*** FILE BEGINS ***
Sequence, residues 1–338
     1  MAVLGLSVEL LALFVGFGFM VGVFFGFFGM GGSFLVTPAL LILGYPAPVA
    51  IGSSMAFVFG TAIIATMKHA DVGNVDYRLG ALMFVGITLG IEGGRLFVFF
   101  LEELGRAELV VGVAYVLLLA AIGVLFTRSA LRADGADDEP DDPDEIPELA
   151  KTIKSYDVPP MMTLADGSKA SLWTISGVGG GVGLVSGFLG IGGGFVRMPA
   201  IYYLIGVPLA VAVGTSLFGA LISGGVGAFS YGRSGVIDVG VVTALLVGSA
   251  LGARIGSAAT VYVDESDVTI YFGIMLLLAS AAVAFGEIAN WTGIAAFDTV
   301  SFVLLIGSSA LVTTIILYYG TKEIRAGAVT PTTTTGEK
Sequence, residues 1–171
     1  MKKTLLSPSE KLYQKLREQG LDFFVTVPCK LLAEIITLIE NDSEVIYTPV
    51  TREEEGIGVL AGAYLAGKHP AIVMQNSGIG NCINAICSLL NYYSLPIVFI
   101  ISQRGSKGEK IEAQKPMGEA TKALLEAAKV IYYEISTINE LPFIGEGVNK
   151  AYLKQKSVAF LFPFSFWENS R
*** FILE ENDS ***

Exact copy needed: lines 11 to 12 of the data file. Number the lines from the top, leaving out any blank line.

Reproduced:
    51  TREEEGIGVL AGAYLAGKHP AIVMQNSGIG NCINAICSLL NYYSLPIVFI
   101  ISQRGSKGEK IEAQKPMGEA TKALLEAAKV IYYEISTINE LPFIGEGVNK